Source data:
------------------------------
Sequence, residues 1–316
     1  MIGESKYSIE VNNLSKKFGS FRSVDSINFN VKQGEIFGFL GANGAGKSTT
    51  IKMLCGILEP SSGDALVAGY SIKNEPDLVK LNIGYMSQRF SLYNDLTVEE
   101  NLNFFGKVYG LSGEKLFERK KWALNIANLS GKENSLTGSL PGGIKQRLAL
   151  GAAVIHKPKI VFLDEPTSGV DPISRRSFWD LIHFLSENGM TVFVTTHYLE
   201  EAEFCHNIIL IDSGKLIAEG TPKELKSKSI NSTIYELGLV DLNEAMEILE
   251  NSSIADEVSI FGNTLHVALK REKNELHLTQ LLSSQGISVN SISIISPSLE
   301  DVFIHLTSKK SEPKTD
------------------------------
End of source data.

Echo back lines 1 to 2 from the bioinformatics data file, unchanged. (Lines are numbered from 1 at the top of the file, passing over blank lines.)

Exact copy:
Sequence, residues 1–316
     1  MIGESKYSIE VNNLSKKFGS FRSVDSINFN VKQGEIFGFL GANGAGKSTT